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Article
October 1988

Familial Alzheimer's Disease With Myoclonus and 'Spongy Change'

Author Affiliations

From the Departments of Neurology (Dr Mayeux), Psychiatry (Dr Mayeux), Neuropathology (Drs Duffy and Kupsky), and Rehabilitation Medicine (Dr Duffy) of Columbia University, College of Physicians and Surgeons, New York.

Arch Neurol. 1988;45(10):1097-1100. doi:10.1001/archneur.1988.00520340051011
Abstract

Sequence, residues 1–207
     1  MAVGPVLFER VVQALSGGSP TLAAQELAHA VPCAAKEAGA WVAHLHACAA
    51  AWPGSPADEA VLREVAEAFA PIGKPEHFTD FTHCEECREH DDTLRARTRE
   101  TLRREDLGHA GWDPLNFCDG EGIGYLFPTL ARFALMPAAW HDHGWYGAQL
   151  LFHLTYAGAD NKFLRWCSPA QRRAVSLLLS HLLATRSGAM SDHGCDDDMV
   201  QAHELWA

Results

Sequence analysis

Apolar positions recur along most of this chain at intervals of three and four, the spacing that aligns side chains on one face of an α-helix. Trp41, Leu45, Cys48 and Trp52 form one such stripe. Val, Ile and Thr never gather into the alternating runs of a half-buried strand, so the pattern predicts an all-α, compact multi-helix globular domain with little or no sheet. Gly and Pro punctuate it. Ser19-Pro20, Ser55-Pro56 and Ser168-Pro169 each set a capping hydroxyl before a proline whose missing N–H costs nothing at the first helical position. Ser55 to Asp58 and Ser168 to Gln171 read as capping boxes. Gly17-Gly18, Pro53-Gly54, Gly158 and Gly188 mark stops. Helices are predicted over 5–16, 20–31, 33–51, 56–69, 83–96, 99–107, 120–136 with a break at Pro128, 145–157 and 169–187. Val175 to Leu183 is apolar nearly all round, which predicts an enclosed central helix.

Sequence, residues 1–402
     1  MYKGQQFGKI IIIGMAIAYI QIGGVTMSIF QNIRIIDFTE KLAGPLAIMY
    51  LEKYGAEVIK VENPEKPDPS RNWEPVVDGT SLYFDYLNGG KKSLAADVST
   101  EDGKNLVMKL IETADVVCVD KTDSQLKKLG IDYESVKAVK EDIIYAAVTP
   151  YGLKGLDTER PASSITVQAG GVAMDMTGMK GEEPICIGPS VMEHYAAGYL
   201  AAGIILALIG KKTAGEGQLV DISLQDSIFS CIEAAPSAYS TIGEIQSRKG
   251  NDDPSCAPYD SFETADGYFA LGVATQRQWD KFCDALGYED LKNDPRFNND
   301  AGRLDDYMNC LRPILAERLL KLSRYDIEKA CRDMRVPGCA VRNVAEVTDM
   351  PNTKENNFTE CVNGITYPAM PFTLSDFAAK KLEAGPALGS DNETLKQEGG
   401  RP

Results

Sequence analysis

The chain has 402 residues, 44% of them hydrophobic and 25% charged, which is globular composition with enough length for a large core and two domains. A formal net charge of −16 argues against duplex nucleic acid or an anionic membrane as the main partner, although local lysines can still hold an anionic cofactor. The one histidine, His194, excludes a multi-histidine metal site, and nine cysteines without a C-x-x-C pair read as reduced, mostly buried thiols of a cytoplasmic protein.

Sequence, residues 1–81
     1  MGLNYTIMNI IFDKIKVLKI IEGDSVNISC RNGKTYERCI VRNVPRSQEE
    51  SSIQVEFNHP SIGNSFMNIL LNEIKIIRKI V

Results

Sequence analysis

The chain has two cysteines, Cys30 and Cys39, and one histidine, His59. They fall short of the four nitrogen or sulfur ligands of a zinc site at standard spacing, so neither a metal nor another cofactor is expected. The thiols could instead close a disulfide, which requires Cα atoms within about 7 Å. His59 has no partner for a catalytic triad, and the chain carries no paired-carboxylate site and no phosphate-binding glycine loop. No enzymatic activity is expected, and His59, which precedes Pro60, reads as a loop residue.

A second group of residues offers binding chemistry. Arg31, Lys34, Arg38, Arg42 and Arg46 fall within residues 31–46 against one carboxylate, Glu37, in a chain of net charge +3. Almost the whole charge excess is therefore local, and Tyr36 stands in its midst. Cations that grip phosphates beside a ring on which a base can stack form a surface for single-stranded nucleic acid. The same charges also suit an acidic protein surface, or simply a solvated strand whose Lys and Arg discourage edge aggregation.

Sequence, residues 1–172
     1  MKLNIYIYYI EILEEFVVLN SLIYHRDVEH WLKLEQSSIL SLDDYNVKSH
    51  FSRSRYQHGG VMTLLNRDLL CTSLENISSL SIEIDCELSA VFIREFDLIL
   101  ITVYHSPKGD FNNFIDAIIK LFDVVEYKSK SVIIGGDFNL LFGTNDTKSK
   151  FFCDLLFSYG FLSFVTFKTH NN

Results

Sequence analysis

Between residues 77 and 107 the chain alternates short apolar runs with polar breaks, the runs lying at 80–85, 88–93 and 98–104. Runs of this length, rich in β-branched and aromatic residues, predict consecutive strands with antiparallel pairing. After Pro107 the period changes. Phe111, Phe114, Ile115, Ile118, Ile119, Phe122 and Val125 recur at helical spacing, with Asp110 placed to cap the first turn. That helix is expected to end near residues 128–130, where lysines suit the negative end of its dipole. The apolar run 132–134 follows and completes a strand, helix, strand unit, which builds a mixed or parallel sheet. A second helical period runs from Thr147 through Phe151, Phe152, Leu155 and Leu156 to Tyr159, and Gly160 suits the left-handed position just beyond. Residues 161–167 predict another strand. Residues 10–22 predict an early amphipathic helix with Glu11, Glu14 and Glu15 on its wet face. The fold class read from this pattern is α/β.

• "Spongy change," or vacuolar change, was observed in the neocortex of temporal and frontal lobes in four of 27 patients with clinical and pathologic characteristics of Alzheimer's disease. All four cases had the autosomal dominant form of the disease, and aside from severe dementia, all developed myoclonus and became mute before death. The degeneration observed was unlike that seen in Creutzfeldt-Jakob disease because it lacked astrocytosis and had a different distribution of lesions. Moreover, the abundance of neurofibrillary changes and senile plaques was consistent with Alzheimer's disease. None of the other 23 cases were familial, and none developed myoclonus or mutism; three of them had minor vacuolation limited to the temporal lobe. The four cases with severe spongy change described are the first, to our knowledge, in which vacuolar or spongy change has been associated with the familial form of Alzheimer's disease.

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